Here are 10 tips to help you develop effective listening skills
Step 1: Face the speaker and maintain eye contact.
Do your conversational partners the courtesy of turning to face them. Put aside papers, books, the phone and other distractions. Look at them, even if they don’t look at you. Shyness, uncertainty, shame, guilt, or other emotions, along with cultural taboos, can inhibit eye contact in some people under some circumstances but stay focused yourself.
Step 2: Be attentive, but relaxed.
You can look away now that you have grab their attention via eye contact and now you can carry on like a normal person. The important thing is to be attentive, this means you need to be:
– be present
– give attention
– apply or direct yourself
– pay attention
– remain ready to serve
Disregard any distractions such as background activity and noise. Do not focus on the speaker’s accent or speech mannerisms to the point where they become distractions. Finally, don’t be distracted by your own thoughts and feelings.
Step 3: Keep an open mind.
Listen without jumping to conclusions. Remember that the speaker is using language to represent the thoughts and feelings inside her brain. You don’t know what those thoughts and feelings are and the only way you’ll find out is by listening.
Step 4: Listen to the words and try to picture what the speaker is saying.
Allow your mind to create a mental model of the information being communicated. Whether a literal picture, or an arrangement of abstract concepts, your brain will do the necessary work if you stay focused, with senses fully alert. When listening for long stretches, concentrate on, and remember, key words and phrases.
Step 5: Don’t interrupt and don’t impose your “solutions.”
Interrupting sends a variety of messages. It says:
– “I’m more important than you are.”
– “What I have to say is more interesting, accurate or relevant.”
– “I don’t really care what you think.”
– “I don’t have time for your opinion.”
We all think and speak at different rates. If you are a quick thinker and an agile talker, the burden is on you to relax your pace for the slower, more thoughtful communicator—
When listening to someone talk about a problem, refrain from suggesting solutions.
Step 6: Wait for the speaker to pause to ask clarifying questions.
When you don’t understand something, of course you should ask the speaker to explain it to you. But rather than interrupt, wait until the speaker pauses. Then say something like, “Back up a second. I didn’t understand what you just said about…”
Step 7: Ask questions only to ensure understanding.
Step 8: Try to feel what the speaker is feeling.
Empathy is the heart and soul of good listening. To experience empathy, you have to put yourself in the other person’s place and allow yourself to feel what it is like to be her at that moment. This is not an easy thing to do. It takes energy and concentration. But it is a generous and helpful thing to do, and it facilitates communication like nothing else does.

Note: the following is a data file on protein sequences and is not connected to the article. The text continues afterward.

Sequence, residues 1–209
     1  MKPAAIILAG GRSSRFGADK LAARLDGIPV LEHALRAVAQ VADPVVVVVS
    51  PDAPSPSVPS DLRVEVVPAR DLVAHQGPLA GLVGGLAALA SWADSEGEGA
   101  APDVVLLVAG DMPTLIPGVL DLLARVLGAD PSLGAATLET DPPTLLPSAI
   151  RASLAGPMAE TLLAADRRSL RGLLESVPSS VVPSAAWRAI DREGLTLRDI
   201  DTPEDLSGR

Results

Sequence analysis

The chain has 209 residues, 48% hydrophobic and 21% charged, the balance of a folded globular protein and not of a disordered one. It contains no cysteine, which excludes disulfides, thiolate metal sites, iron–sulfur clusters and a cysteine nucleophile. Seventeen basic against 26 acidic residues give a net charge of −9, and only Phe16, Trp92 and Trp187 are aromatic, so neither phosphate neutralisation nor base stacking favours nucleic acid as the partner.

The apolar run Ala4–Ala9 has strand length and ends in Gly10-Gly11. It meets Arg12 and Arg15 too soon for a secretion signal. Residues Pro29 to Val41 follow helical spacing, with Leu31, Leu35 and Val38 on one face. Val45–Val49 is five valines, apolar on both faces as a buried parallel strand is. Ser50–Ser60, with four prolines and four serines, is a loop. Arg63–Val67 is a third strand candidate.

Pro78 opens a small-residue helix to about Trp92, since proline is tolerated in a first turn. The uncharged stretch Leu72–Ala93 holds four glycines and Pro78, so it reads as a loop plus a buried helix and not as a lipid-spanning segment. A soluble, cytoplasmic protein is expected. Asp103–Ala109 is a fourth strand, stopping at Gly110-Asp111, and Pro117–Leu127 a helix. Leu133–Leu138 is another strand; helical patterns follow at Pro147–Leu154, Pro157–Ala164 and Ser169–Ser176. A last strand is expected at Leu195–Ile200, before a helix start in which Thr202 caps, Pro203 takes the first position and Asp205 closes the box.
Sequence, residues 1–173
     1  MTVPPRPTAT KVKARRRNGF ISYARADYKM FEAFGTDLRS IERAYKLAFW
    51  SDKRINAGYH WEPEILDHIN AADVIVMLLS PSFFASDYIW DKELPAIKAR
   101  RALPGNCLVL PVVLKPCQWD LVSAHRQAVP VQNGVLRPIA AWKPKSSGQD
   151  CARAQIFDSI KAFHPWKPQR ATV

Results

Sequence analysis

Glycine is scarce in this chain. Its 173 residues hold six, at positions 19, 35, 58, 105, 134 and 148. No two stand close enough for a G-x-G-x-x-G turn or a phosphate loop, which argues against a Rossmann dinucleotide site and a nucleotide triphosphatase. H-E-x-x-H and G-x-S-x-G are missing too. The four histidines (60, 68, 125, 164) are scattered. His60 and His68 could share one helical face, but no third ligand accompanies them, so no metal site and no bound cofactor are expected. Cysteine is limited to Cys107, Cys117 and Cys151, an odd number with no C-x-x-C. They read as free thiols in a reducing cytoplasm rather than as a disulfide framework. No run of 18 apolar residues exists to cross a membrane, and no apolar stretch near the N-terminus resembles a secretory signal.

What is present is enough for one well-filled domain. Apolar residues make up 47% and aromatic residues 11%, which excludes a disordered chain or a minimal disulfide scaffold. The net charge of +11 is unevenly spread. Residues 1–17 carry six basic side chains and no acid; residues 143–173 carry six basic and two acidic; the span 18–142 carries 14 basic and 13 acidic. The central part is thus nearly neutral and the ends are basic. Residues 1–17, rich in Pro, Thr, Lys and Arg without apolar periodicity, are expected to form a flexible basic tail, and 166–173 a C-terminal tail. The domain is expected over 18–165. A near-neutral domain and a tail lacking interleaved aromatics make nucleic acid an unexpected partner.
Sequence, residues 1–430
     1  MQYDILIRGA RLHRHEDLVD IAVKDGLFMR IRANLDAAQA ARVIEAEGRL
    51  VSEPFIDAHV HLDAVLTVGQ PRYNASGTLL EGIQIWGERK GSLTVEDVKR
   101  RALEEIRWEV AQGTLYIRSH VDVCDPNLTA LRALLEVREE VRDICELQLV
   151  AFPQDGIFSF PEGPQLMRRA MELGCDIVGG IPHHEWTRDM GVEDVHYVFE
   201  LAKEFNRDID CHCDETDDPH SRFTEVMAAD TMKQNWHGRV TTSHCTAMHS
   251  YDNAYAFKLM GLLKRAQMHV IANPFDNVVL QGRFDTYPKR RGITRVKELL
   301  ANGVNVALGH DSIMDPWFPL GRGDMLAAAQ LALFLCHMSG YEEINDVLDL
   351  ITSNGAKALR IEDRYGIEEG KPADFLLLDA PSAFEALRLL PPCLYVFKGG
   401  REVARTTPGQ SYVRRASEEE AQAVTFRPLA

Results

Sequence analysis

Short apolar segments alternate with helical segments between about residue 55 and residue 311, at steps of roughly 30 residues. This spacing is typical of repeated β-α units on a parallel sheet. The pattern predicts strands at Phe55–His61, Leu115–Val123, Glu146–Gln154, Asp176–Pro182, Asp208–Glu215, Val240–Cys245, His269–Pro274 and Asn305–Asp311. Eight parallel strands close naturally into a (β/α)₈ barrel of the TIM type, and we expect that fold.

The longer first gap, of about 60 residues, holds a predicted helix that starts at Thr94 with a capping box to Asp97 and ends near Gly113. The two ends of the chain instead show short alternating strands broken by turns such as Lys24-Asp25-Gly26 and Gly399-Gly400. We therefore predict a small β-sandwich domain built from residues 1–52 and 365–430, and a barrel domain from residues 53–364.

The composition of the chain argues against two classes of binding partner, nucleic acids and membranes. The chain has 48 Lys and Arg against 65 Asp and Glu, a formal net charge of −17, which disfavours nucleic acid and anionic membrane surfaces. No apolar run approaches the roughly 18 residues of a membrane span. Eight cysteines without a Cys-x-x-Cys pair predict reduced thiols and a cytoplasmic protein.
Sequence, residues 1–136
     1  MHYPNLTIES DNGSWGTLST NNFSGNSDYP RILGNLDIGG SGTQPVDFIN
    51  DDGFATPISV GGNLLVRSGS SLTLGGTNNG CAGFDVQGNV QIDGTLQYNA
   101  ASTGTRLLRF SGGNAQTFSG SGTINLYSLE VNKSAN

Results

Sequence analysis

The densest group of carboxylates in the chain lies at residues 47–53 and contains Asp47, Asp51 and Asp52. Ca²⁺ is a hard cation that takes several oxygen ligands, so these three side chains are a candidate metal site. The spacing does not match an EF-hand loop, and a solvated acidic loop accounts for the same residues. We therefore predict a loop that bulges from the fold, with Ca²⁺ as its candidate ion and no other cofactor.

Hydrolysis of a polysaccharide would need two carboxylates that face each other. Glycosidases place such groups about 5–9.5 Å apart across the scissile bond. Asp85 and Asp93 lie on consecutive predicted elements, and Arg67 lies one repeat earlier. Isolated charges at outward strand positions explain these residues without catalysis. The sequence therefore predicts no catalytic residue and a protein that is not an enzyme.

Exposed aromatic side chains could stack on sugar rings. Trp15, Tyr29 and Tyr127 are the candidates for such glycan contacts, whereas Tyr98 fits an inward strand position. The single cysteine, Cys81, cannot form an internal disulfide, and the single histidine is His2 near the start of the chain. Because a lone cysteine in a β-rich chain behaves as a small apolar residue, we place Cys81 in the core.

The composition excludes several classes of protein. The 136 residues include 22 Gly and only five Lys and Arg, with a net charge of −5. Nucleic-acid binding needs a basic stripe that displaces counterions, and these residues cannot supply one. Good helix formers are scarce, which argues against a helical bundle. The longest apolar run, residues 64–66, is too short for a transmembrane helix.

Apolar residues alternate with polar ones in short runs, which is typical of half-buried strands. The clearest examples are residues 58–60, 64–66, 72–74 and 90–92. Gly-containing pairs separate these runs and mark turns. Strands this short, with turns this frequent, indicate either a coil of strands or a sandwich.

Step 9: Give the speaker regular feedback.
Show that you understand where the speaker is coming from by reflecting the speaker’s feelings. “You must be thrilled!” “I can see that you are confused.” If the speaker’s feelings are hidden or unclear, then occasionally paraphrase the content of the message. Or just nod and show your understanding through appropriate facial expressions and an occasional well-timed “hmmm” or “uh huh.” The idea is to give the speaker some proof that you are listening, and that you are following her train of thought—not off indulging in your own fantasies while she talks to the ether.
Step 10: Pay attention to what isn’t said—to nonverbal cues.
If you exclude email, the majority of direct communication is probably nonverbal.
You can detect enthusiasm, boredom, or irritation very quickly in the expression around the eyes, the set of the mouth, the slope of the shoulders when face to face. These are clues you can’t ignore. When listening, remember that actions speak louder than words.
Listening Skills Exercise: Summarise, Summarise, Summarise!
For at least one week, at the end of every conversation in which information is exchanged, conclude with a summary statement. In conversations that result in agreements about future obligations or activities, summarising will not only ensure accurate follow-through, it will feel perfectly natural. In conversations that do not include agreements, if summarising feels awkward just explain that you are doing it as an exercise.